Critiques of Darwinism
- Published: June 4, 2012 June 4, 2012
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When it’s used alone (without reference to mutations) I take “natural selection” to mean what Darwin meant by it.
As scientists often do, Darwin resorted to accounting for the natural world in terms of the technology of his time. He grew up in the heyday of the technology of breeding, when most of our breeds of livestock were being created. From that technology he adopted a set of assumptions. First, you can look at differences between creatures in a species as consisting of certain ways they vary. Second, the ways they vary are inherited. Third, human breeders can identify and select for breeding those creatures that come with particular variations, resulting in those variations becoming more common in future generations.
In the natural world most creatures born in each generation die else populations would increase out of control. In effect there’s a process of selection going on. Darwin concluded that, among the variations a creature comes with, some are bound to affect whether or not it gets “selected” to leave progeny. Identifying this process with how breeders selected for specific variations, Darwin called it “natural selection.”
“Some of the ways creatures vary will affect which ones get to leave progeny.” If you believe creatures vary only in specific ways, as people did then, then that was a truism. What was to impress people in “The Origin of Species” was Darwin tying this principle to another principle: evolution equals adaptation: creatures evolve by becoming more adapted to their environment. The variations nature selected for, Darwin concluded, were those that made creatures better adapted to their environments. As variations for improved adaptation became concentrated in later generations--through natural selection--new species better adapted to their environments would automatically emerge. A theory of evolution was born.
I’ve several problems with this principle. First, adaptation could as logically be the result of the process of evolution, as its cause. Whatever the mechanism driving evolution is, it will almost inevitably make creatures better adapted over time. Then you’d say, whatever drives evolution is what makes creatures more adapted. Turning that around, as Darwin did, claiming that whatever makes creatures better adapted must be what drives evolution, was faulty logic.
Also faulty logic was his claim that what makes creatures more likely to breed are variations that make them better adapted to their environment. Any process of selection is a set of conditions; what gets selected is whatever best satisfies those conditions. What gets selected in natural selection is not necessarily greater adaptation, it’s what satisfies the particular conditions natural selection puts living creatures through. These are: surviving competition for scarce resources to reach sexual maturity; generating as many copies of oneself carrying one’s characteristics as possible; seeing those copies survive to pass those characteristics on in the next generation. Prominent among characteristics helping creatures meet those conditions will be aggressiveness and deceit to meet competition for scarce resources, seductiveness and rape to generate as many copies of one’s characteristic as possible, and murder of other creatures’ progeny while defending one’s own. Because those characteristics best satisfy the conditions set by natural selection, those are the characteristics it would concentrate in succeeding generations. That, logically, must be the main effect of natural selection.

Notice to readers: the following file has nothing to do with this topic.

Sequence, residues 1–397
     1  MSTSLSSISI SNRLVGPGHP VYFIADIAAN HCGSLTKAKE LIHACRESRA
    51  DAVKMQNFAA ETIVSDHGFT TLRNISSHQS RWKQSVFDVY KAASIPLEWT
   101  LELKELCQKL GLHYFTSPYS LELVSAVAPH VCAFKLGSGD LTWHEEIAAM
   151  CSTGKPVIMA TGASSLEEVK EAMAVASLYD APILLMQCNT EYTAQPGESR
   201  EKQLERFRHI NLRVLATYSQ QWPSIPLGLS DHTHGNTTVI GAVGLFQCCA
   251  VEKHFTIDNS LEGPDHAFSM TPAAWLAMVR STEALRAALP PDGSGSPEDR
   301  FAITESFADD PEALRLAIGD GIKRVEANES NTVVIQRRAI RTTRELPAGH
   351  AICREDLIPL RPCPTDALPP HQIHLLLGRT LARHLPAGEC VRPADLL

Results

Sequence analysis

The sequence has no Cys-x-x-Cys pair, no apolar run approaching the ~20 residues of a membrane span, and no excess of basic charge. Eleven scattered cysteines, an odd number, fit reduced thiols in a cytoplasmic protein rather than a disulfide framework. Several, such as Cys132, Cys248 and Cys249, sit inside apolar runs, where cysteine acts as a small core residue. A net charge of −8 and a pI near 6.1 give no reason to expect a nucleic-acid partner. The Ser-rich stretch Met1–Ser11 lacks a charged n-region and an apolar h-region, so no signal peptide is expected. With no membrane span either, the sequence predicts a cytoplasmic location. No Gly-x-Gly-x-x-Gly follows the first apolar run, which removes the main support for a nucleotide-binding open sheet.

It's true, being better adapted to the environment could help a creature meet one or two of those conditions. But I doubt if it would contribute nearly as much. Resources directed to mere fitness will satisfy the conditions set by natural selection less directly than those others allocated to the other characteristics I listed.
Now we can test the theory of natural selection. Do evolved creatures show primarily the characteristics its conditions select for? And I’d say, apart from fitness, no. We, for example, are not marked primarily by aggression to our fellows, deceit in mating, and lethal nepotism. Therefore the theory of natural selection fails the test.
After Darwin’s death the theory of natural selection fell out of favor for yet another reason: experience showed it wasn’t true. Imagine living creatures having been acted on by natural selection for millions of years--there'd be very little variation left among them. Yet before they began applying artificial selection to wild species breeders found them to carry abundant variation. Was that because variation was continuously being created? No. Once the breeders had selected in wild species for exactly the set of variations they wanted, no new variations appeared. Variation in wild species was clearly not undergoing a process of selection anything like artificial selection.
Today natural selection makes less sense anyway. We're losing the sense of living creatures differing from one another in terms of specific variations. Few genes correspond to single characteristics. We know creatures vary more as wholes than as bundles of individual characteristics. So there aren't specific ways of varying for natural selection to identify individually and select among.
Natural selection fell out of favor in the late 19th century. Not until the second half of the 20th century did it become associated with genetic mutation and win broad acceptance.